The public seems to have a love-hate relationship with iPads. Depending on the generation there may be no ports for USB action, a slow schedule of changes and upgrades, and of course there’s the Apple v.s. Android give and take of the App market. The new iPad mini with Retina display is cleaning up in the higher echelons of the small tablet market right now, however, having improved on what iPad does best with its beloved iOS and its incomparable screen. Last year’s version of the Google Nexus, though, went right by the Samsung Galaxy Tab and seemed poised to take a pretty large bite out of the competition. Now with the unveiling of the new Nexus 7, we get to see what Google has been up to in the last year, and the direction the arguably hottest line new tablets will be going in the future.
While users of the new iPad have mentioned a lack of updated features on their tablets, a slightly too wide for one hand design and only one option for storage size at 16GB, it is still a heavy hitter for its dependability with iOS, its incredible Retina screen clarity, high-resolution and color saturation, and that beautiful brushed aluminum look. And while Android systems and Apple systems access a different batch of apps, no one can say that the iPad is at a disadvantage in how many apps it can access.
And then there was the Google Nexus 7, arguably the hottest new tablet on the market
Nexus 7 pushes the envelope for mid-priced tablets. Among the seven-inch entrants, many reviewers, among them Techradar and CNET, seem to think it the clear winner. Building on the success of the previous Nexus model, Google has fixed many of the bugs that plagued the earlier tablet and cleaned up its design a bit. Though reviews were mixed as to whether the old textured backing was better than the new slick one, one can not complain that the tough plastic back of this tablet is not a durable alternative to the solid Galaxy Tab or the brushed aluminum of the iPad 4, if not as handsome. It is also light, as only a seven-inch tablet could be. It has a good grip, the kind that makes your hand happy to hold it…and with .9 less screen width than the iPad mini, the Nexus 7 may be slightly less fun as a web browser, but it is definitely less of a pain to hold in one hand for long periods.
And then there’s the screen quality. Now, this display has been reported by many to be right up there with the best, easily edging out the latest Kindle. Crisp, beautifully saturated and with vivid resolution, it clear and responsive–some have said almost too responsive sometimes–and makes games like Temple Run work like they are supposed to. The viewing angles are good and change quickly from landscape to portrait; but as often happens with tablets, this one suffers the same curse as the others in that sometimes it just does not seem to realize which way you’re pointing, and switches from one view to the other with little provocation. Nothing new there, really. Samsung entrants generally have the same problem. The screen resolution is certainly not quite as good as the Retina offered by the iPad mini, with slightly less saturated colors; but every reviewer has said that the resolution is close enough to the iPad that a user could only tell the difference if they were viewed side by side.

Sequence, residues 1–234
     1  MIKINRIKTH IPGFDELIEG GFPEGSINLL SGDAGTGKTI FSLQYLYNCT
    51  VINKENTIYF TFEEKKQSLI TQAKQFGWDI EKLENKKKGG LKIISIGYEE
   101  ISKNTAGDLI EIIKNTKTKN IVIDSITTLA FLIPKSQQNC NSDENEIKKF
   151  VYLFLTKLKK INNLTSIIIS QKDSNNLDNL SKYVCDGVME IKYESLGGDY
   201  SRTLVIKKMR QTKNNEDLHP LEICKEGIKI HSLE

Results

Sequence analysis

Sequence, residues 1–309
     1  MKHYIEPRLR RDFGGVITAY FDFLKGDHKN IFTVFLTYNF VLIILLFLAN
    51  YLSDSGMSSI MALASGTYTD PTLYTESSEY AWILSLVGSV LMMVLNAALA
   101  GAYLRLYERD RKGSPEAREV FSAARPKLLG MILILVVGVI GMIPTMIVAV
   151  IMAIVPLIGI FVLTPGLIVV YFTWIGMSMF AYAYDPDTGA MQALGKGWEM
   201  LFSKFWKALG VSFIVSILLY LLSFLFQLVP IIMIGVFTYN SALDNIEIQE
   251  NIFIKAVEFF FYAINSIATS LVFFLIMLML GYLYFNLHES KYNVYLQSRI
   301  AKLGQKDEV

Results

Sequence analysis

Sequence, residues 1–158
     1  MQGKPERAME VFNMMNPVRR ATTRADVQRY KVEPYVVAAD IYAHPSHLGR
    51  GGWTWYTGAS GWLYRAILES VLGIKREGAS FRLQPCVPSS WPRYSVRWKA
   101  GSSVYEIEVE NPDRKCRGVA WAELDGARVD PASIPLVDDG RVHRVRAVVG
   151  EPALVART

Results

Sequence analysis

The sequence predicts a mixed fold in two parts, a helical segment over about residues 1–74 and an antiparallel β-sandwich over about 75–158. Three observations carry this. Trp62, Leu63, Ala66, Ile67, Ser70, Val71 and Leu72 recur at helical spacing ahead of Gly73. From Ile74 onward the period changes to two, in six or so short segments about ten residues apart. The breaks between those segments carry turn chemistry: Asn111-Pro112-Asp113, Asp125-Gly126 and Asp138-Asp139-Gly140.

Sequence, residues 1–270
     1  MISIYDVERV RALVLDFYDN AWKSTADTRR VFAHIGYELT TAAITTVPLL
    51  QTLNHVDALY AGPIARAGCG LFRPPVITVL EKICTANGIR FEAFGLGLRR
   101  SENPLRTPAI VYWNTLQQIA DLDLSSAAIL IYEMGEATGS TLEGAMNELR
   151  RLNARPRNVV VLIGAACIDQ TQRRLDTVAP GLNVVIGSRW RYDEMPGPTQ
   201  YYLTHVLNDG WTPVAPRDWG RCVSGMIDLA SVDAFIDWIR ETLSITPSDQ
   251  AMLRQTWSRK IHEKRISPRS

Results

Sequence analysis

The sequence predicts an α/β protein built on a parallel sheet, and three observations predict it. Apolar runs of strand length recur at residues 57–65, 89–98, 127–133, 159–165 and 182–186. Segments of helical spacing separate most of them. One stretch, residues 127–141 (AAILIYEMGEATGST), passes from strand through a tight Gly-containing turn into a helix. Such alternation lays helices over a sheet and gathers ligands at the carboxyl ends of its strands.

Now, with the storage capacity of places like the Cloud, the demand for great speakers is high in a tablet. A user wants to be able to hear perfect music and crisp dialogue from a very small organ on the device. It is quite the balancing act for a speaker system in a slim, tiny device such as this one to do equal justice to voice, guitar and drums, but the Nexus 7 gets away with it. Everything sounds clear here.
Charging, of course, takes a while on this tablet. One nice surprise for many reviewers, however, was that it has a comparatively long battery life for such a multi-tasker.
Another pro is that the Nexus 7 is more affordable than other entrants, coming in at $200 to $260. This is a huge point on its side when compared to the iPad mini, which costs another $100 or so for the wider and more saturated screen with its Retina display. The Nexus also wins out on storage options, even having done away with the old microSD slot. Though the Nexus does not have a 64 gig option, it does go all the way up to 32gb. This is a good thing, since a lot of the available storage is already taken up with a 6gb Android 4.3 OS. Best to spring for the 32gb than the 16 gig, since that really brings you down to 10 gigs of storage after factoring in the OS.
This Nexus 7 is reported to be less touchy than its predecessor, Google having got down to business and done away with the bugs that plagued the last model, including the GPS issues and the “phantom touches” that occasionally plagued the keyboards of some of the previous generation. More importantly, it fits easily in one hand, something this entrant can really use to laud itself over the iPad mini. It runs a competitive software/hardware package as well.
The summary seems to be that the new iPad mini is the clear winner in screen quality, with its Retina display, its slightly wider 7.9” screen and its better-than-HD resolution. It is also prohibitively expensive, running from $300 to $500, making the Nexus 7 the clear winner in almost every other area. For an affordable seven-inch entrant with a competitive screen, smooth performance, storage options, and a long battery life, a good many people are migrating over to the Google Nexus 7 for their tablet needs and calling it the hottest new entrant in the small tablet market.
Editorial by Kat Turner